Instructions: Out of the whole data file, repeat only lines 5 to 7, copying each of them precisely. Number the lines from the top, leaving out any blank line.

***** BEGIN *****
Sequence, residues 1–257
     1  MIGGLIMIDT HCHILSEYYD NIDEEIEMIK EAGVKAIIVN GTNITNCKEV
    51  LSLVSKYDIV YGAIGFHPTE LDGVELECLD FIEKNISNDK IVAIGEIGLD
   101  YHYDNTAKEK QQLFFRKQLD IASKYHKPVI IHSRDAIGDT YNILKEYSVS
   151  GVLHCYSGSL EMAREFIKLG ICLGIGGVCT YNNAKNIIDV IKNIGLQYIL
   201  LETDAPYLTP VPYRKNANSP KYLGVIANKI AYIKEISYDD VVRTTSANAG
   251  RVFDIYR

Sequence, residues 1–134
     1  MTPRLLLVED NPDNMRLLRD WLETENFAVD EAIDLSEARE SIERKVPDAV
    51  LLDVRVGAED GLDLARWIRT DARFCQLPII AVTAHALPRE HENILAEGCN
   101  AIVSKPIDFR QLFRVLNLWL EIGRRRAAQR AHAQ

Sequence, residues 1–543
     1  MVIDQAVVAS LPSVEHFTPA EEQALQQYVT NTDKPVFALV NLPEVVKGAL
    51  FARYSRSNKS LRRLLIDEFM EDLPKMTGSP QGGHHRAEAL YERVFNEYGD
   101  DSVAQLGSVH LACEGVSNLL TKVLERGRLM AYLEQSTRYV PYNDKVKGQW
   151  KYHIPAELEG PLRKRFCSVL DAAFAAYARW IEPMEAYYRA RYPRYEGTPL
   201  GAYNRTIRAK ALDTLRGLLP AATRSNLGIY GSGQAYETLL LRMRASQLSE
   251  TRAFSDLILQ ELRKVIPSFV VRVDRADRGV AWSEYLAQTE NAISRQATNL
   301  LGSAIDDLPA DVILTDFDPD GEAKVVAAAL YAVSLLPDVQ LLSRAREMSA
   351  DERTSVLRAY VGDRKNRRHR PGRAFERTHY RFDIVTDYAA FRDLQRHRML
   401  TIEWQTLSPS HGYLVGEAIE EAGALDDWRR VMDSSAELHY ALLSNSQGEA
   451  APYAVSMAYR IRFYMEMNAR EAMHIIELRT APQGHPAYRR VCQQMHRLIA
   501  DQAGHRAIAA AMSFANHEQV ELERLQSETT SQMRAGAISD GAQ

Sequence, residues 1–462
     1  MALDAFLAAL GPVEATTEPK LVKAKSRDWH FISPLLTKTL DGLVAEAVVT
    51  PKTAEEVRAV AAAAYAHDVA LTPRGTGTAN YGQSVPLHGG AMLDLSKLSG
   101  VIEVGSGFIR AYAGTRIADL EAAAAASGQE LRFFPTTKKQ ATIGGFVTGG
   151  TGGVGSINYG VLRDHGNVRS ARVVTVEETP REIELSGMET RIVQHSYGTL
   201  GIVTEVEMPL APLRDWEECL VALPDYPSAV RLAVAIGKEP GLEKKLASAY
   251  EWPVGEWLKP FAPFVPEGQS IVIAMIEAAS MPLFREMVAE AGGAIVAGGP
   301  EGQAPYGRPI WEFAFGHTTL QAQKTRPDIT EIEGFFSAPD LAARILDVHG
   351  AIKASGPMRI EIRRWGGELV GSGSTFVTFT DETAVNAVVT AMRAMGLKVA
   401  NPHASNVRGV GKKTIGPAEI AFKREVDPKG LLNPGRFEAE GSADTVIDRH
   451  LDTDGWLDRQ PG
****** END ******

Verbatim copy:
   151  GVLHCYSGSL EMAREFIKLG ICLGIGGVCT YNNAKNIIDV IKNIGLQYIL
   201  LETDAPYLTP VPYRKNANSP KYLGVIANKI AYIKEISYDD VVRTTSANAG
   251  RVFDIYR